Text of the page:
7. The applicable guideline for the money laundering count provides that the offense level for that count is "[t]he offense level for the underlying offense from which the laundered funds were derived," U.S.S.G. § 2S1.1(a)(1), that is to say, the same offense level as the drug conspiracy.

8. Even if the sentencing court had not grouped the two counts, the combined offense level would have been the same as the offense level arrived at by the district court. The base offense level for money laundering is the same as that for the underlying criminal activity. See U.S.S.G. § 2S1.1(a)(1). As a result, the combined offense level for the two ungrouped counts would have been the same as the offense level applicable to both crimes. See id. § 3D1.4(a). Thus, even a decision not to group would have had no net effect.

9. We realize that at the end of the hearing, when the court was orally imposing Manuel's sentence, the court appears to have read some of the text of the PSR when, according to the transcript, the court stated: Offense conduct comprising drug trafficking and money laundering are normally grouped together into a combined group as the offense conduct involves substantially the same arm [sic] within the meaning of guideline section 3D1.2(b) to wit the counts involve the same victim, society and 2 or more acts or transactions connected by a common criminal objective or constituting part of a common scheme or plan. However, as the offense conduct comprising count 1 not only involved generalized drug trafficking activities but also involved murder, the 2 counts of conviction are not groupable under the provisions of section 3D1.2. Immediately after making these comments, however, the court calculated Manuel's sentence by looking only to the most serious offense, i.e., Count I, a method of calculation appropriate only if the court was, in fact, grouping the two counts. Compare U.S.S.G. § 3D1.3 (explaining how to determine offense level for grouped counts) with id. § 3D1.4 (explaining how to determine combined offense level for ungrouped counts).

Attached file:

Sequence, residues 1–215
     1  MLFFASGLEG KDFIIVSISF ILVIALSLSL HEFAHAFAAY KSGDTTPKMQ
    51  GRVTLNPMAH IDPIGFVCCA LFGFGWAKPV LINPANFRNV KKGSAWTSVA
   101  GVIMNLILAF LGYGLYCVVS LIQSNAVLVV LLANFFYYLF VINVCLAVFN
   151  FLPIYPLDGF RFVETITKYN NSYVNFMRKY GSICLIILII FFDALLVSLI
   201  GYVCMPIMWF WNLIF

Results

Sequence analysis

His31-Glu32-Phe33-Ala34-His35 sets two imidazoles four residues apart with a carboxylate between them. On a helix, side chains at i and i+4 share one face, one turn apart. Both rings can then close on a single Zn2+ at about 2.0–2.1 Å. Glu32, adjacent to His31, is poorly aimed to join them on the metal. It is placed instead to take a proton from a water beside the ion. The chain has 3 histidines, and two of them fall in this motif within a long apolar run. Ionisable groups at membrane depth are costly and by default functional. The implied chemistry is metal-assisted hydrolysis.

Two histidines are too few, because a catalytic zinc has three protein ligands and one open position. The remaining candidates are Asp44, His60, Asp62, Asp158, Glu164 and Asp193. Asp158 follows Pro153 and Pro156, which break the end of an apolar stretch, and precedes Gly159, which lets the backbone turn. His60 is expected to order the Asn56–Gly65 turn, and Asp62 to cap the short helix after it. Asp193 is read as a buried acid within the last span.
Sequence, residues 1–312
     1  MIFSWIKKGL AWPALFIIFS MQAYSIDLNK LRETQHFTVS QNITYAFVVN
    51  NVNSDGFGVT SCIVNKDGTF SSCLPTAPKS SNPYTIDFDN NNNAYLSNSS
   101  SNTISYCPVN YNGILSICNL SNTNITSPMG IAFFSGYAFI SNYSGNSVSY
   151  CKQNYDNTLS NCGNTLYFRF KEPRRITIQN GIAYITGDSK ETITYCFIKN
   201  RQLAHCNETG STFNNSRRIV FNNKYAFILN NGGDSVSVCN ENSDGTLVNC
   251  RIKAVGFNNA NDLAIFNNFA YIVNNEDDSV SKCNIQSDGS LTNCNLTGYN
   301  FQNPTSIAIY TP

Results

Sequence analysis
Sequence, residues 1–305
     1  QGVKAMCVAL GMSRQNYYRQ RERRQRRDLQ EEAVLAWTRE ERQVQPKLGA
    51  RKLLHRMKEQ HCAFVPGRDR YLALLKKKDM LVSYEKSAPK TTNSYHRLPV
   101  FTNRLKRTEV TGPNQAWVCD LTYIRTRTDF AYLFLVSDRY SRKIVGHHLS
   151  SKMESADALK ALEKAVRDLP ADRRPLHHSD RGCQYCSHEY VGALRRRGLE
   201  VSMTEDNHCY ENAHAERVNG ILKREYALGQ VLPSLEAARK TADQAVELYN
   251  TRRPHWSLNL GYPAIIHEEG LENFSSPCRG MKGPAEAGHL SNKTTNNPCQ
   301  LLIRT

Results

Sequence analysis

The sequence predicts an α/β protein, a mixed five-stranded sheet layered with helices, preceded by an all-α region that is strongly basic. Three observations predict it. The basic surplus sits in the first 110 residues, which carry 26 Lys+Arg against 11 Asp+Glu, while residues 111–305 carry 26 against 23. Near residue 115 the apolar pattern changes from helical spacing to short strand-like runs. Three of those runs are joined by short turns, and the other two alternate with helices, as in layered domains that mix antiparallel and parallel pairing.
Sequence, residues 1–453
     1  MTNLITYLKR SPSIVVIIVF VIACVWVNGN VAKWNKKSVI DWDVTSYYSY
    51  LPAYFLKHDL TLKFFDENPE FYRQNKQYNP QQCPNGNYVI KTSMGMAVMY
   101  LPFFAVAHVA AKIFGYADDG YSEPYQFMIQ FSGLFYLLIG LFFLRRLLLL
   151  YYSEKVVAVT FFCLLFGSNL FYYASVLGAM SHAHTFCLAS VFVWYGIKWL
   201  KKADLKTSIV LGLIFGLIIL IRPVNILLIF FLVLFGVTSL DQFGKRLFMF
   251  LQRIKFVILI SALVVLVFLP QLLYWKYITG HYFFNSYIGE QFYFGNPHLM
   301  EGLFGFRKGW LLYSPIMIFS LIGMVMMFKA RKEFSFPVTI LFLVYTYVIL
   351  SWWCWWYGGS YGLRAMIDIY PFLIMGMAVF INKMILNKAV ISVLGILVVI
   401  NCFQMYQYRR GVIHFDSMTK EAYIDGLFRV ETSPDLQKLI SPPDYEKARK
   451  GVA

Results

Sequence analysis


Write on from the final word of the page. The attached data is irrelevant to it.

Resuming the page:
10. In Saccoccia, we explained the application of this mandatory requirement in these terms: When, as in this instance, the maximum sentence for each offense of conviction is lower than the minimum punishment mandated by the applicable GSR, the guidelines require imposition of consecutive sentences "to the extent necessary to produce a combined sentence equal to the total punishment." Saccoccia, 58 F.3d at 786 (quoting U.S.S.G. § 5G1.2(d)); see also id. at 787 ("[T]he court below possessed the power - indeed, the responsibility -to impose a series of consecutive sentences effectuating the clearly expressed command of U.S.S.G. § 5G1.2."). In United States v. Quinones, 26 F.3d 213 (1st Cir. 1994), we indicated that a sentencing court may disregard the mandate of § 5G1.2 only "if, and to the extent that, circumstances exist that warrant a departure." Id. at 216.

11. The consolidated brief indicates that this argument is being advanced by Manuel and Bat¡z. The Supplemental Appendix, however, only contains copies of revised PSRs for Andrés and Bat¡z. Regardless of who is actually pressing this claim, we find it to be meritless.

Back to top